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Developing and Producing Lasers: Fundamentals, Types and Applications

There are literally more than 10,000 types of lasers developed by today. Most of them are developed only in a laboratory, but some found very broad applications.
Fiber lasers are an interesting class of solid state lasers. Active media are the core of rare-earth (Er, Yb etc.) doped fiber. Pump light can be in the core or the cladding. Fiber lasers can be very compact and rugged. They are becoming very popular with the advent of suitable diode pumps. Since the fiber core is very small, threshold pump power is a few orders of magnitude less as compared to the bulk case. Since core-pumping requires high spatial quality lasers, diode bars and arrays cannot be used. This limits the pump power. To resolve this problem, high power fiber lasers use pumping from the cladding of the fiber. Cladding pumped Nd and Yb doped fiber can yield ~10 W output power.
Single-frequency sources are also attractive because they can be used for driving resonant enhancement cavities, e.g. for nonlinear frequency conversion, and for coherent beam combining. Typical applications of single-frequency lasers occur in the areas of optical metrology and interferometry, optical data storage, high-resolution spectroscopy (e.g. LIDAR), and optical fiber communications. In some cases such as spectroscopy, the narrow spectral width of the output is directly important. In other cases, such as optical data storage, a low-intensity noise is required, thus the absence of any mode beating noise.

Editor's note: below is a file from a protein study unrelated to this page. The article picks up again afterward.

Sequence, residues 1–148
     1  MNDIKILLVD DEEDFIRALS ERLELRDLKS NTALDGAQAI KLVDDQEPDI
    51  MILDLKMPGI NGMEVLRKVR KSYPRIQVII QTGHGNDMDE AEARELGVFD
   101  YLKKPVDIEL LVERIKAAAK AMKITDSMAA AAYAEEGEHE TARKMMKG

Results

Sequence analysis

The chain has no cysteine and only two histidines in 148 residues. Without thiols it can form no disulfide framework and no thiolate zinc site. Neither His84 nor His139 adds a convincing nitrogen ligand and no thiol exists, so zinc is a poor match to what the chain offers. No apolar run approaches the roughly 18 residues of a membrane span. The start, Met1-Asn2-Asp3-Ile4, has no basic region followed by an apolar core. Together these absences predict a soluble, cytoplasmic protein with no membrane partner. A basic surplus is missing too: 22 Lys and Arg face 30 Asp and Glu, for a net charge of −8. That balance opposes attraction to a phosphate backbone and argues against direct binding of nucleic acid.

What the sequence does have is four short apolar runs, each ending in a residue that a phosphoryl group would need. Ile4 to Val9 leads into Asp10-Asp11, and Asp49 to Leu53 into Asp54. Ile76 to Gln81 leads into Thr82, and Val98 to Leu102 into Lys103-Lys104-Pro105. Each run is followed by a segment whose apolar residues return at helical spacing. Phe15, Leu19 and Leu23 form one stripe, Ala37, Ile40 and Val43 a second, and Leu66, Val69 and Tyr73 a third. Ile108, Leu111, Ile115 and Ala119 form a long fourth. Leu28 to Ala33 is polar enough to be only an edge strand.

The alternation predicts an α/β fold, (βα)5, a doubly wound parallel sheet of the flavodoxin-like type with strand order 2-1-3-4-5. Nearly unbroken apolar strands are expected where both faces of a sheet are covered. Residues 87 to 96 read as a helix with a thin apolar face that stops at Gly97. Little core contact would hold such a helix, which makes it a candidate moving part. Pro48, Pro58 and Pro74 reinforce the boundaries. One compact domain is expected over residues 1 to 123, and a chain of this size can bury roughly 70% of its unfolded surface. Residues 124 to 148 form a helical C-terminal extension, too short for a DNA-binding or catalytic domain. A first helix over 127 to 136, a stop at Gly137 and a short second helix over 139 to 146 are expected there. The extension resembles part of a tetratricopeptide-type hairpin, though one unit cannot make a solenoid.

The unique characteristics of ultrafast lasers, such as picosecond and femtosecond lasers, have opened up new avenues in materials processing that employ ultrashort pulse widths and extremely high peak intensities. Thus, ultrafast lasers are currently used widely for both fundamental research and practical applications. Surface processing includes micromachining, micro- and nanostructuring, and nano-ablation, while volume processing includes two-photon polymerization and three-dimensional (3D) processing within transparent materials.
Tunable wavelength laser arrays find wide applications in fiber-optic networks, broadband sensors, biotechnology and medicine diagnostics due to their wide tuning range and stable lasing operation.
CO2 laser is one of the most powerful. It is used very commonly for «hardcore» materials processing like cutting and welding. Lasing action results from transitions between vibrational levels of CO2 .CO2 lasers are typically RF discharge pumped. They can operate pulsed or CW. They are mostly used in industry and medicine, where high powers are needed.
Gas lasers, laser diodes, and solid-state lasers can be manufactured to emit ultraviolet rays, and lasers are available which cover the entire UV range. The strongest ultraviolet lines are at 337.1 nm and 357.6 nm,wavelength. Ultraviolet lasers have applications in industry (laser engraving), medicine (dermatology, and keratectomy), chemistry (MALDI), free air secure communications, computing (optical storage) and manufacture of integrated circuits.
Ti:Sapphire is the most widely used tunable and mode-locked solid-state laser. It has a bandwidth of about 400 nm, centered at 800 nm. Emissions result from 3d transitions. No diodes are available at this wavelength. This is the main drawback of Ti:Sapphire. Dye lasers use solutions of organic dyes as active media. Solvents can be alcohol, glycerol or water. Due to the large wavelength range, dye lasers are used in many scientific spectroscopic applications. They are also used in medicine for retinopathy and curing dermatological diseases.
Optromix Company provides all types of mentioned lasers and can produce lasers to an individual order for each customer.